The introduction of new pharmaceutical products drove a 9-percent increase in per-capita prescribing last year. Physicians wrote an average of 2,060 prescriptions each, according to a survey by Scott-Levin.... A study by the Center for Studying Health System Change says more than two thirds of people who obtain new coverage do so not by choice, but because of reasons involving their employers.... Another study, in JAMA, suggests that peer-reviewed, published pharmacoeconomic analyses often are seriously flawed.... Sterling Life, an Aon subsidiary, has launched the first Medicare+Choice private fee-for-service plan.... Health Net of Oregon has added chiropractic, acupuncture, naturopathy, and massage therapy to its core benefit package. Primarily, health plans sell complementary benefits as a rider.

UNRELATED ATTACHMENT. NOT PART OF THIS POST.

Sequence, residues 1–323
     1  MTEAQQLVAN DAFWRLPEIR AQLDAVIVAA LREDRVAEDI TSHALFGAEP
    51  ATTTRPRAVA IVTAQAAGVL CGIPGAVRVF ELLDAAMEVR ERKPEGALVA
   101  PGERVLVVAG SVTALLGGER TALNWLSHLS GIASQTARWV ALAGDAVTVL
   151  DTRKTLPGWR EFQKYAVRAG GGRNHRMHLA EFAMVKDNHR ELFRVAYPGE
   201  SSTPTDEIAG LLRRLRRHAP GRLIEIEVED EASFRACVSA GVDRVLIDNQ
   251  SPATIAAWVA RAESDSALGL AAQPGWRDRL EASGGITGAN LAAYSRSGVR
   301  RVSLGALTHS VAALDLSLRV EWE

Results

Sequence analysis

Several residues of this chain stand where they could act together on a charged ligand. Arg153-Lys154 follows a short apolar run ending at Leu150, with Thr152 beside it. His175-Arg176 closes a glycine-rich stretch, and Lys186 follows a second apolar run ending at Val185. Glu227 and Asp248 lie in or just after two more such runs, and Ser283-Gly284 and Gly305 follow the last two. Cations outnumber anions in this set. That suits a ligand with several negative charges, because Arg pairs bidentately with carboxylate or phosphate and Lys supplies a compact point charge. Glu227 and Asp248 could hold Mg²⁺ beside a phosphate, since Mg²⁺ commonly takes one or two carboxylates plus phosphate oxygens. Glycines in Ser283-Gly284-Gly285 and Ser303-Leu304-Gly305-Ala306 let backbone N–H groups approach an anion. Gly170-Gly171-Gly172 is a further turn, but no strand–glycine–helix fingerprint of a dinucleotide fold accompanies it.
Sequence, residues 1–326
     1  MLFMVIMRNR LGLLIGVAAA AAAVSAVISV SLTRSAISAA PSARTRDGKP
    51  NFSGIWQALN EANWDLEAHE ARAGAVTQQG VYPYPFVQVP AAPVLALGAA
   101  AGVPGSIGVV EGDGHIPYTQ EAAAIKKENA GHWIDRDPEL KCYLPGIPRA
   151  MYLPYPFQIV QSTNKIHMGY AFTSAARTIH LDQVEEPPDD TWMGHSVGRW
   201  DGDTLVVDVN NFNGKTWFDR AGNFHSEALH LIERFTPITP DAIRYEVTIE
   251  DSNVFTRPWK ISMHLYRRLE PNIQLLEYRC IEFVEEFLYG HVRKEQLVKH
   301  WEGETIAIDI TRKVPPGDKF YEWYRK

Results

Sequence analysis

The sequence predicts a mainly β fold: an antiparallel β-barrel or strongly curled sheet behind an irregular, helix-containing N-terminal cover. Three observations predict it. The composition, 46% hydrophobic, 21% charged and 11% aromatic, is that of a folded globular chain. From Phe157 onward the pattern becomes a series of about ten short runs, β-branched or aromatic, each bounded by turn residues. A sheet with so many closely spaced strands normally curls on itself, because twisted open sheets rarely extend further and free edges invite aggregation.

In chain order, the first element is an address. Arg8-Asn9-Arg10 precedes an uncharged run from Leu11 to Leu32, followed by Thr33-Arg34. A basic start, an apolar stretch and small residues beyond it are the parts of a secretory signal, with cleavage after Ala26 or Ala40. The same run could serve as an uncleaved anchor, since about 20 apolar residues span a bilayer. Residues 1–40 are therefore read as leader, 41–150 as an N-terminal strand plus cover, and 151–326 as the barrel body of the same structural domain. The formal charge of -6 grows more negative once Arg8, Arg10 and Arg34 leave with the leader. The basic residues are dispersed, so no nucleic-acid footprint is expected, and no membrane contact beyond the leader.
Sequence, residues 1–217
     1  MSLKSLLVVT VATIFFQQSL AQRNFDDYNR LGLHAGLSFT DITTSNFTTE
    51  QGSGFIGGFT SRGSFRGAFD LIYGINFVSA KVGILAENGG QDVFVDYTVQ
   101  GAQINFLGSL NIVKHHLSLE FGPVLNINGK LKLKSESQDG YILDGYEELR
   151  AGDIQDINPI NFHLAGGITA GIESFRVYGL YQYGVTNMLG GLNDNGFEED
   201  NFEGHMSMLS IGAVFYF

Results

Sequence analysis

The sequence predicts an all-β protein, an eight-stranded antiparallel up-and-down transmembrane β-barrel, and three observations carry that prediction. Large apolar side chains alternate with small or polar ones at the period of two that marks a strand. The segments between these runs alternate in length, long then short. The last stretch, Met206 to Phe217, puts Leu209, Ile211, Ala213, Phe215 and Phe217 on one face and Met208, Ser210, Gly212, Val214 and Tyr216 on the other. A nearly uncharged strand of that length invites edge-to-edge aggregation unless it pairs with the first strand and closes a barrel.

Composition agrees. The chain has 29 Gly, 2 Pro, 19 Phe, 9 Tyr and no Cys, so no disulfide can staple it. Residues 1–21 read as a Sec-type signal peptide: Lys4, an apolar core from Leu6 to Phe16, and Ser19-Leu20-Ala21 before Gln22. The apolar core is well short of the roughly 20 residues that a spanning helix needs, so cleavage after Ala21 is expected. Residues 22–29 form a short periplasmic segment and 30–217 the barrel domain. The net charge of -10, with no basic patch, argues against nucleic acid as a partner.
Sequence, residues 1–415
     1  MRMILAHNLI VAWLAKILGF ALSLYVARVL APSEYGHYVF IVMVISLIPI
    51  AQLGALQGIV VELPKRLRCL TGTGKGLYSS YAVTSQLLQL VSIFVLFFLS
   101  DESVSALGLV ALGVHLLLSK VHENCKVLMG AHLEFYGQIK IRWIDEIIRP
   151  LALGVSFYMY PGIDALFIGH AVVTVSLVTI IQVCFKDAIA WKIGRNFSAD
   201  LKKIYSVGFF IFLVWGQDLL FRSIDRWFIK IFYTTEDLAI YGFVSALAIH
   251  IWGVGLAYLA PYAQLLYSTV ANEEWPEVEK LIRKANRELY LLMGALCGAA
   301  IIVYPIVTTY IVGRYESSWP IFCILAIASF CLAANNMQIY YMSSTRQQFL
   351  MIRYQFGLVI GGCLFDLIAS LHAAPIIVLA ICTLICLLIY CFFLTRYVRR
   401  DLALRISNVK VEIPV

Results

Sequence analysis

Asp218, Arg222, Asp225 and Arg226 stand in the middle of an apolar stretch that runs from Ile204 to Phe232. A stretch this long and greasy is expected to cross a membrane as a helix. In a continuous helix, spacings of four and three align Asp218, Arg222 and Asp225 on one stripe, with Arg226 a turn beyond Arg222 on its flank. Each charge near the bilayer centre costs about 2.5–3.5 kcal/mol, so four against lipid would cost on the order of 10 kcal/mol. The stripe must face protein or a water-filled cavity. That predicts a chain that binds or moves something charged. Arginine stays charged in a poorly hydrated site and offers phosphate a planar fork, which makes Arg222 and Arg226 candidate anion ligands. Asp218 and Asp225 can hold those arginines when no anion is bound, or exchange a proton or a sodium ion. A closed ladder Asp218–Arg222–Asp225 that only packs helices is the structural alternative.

Managed Care’s Top Ten Articles of 2016
There’s a lot more going on in health care than mergers (Aetna-Humana, Anthem-Cigna) creating huge players. Hundreds of insurers operate in 50 different states. Self-insured employers, ACA public exchanges, Medicare Advantage, and Medicaid managed care plans crowd an increasingly complex market.
They bring a different mindset. They’re willing to work in teams and focus on the sort of evidence-based medicine that can guide health care’s transformation into a system based on value. One question: How well will this new generation of data-driven MDs deal with patients?
A flood of tests have insurers ramping up prior authorization and utilization review. Information overload is a problem. As doctors struggle to keep up, health plans need to get ahead of the development of the technology in order to successfully manage genetic testing appropriately.
More companies are self-insuring—and it’s not just large employers that are striking out on their own. The percentage of employers who fully self-insure increased by 44% in 1999 to 63% in 2015. Self-insurance may give employers more control over benefit packages, and stop-loss protects them against uncapped liability.